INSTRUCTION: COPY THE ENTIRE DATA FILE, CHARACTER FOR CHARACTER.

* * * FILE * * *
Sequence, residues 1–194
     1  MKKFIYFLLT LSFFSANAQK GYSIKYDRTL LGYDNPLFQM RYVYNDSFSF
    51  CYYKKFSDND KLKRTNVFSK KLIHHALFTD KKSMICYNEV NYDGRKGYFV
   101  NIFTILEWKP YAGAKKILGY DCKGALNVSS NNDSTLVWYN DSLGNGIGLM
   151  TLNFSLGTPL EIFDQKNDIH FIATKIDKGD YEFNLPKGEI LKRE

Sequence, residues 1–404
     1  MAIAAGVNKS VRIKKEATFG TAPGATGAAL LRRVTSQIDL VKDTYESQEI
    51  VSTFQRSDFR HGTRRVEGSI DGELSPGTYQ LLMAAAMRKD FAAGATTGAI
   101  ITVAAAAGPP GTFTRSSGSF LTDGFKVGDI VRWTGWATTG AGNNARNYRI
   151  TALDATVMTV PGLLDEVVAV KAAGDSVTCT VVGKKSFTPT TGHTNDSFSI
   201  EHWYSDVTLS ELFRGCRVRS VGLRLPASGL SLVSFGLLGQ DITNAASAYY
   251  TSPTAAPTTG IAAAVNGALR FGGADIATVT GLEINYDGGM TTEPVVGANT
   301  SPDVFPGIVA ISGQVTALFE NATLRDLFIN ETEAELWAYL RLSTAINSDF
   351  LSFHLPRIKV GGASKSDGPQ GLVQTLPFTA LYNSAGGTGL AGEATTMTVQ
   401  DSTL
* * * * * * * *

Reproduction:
Sequence, residues 1–194
     1  MKKFIYFLLT LSFFSANAQK GYSIKYDRTL LGYDNPLFQM RYVYNDSFSF
    51  CYYKKFSDND KLKRTNVFSK KLIHHALFTD KKSMICYNEV NYDGRKGYFV
   101  NIFTILEWKP YAGAKKILGY DCKGALNVSS NNDSTLVWYN DSLGNGIGLM
   151  TLNFSLGTPL EIFDQKNDIH FIATKIDKGD YEFNLPKGEI LKRE

Sequence, residues 1–404
     1  MAIAAGVNKS VRIKKEATFG TAPGATGAAL LRRVTSQIDL VKDTYESQEI
    51  VSTFQRSDFR HGTRRVEGSI DGELSPGTYQ LLMAAAMRKD FAAGATTGAI
   101  ITVAAAAGPP GTFTRSSGSF LTDGFKVGDI VRWTGWATTG AGNNARNYRI
   151  TALDATVMTV PGLLDEVVAV KAAGDSVTCT VVGKKSFTPT TGHTNDSFSI
   201  EHWYSDVTLS ELFRGCRVRS VGLRLPASGL SLVSFGLLGQ DITNAASAYY
   251  TSPTAAPTTG IAAAVNGALR FGGADIATVT GLEINYDGGM TTEPVVGANT
   301  SPDVFPGIVA ISGQVTALFE NATLRDLFIN ETEAELWAYL RLSTAINSDF
   351  LSFHLPRIKV GGASKSDGPQ GLVQTLPFTA LYNSAGGTGL AGEATTMTVQ
   401  DSTL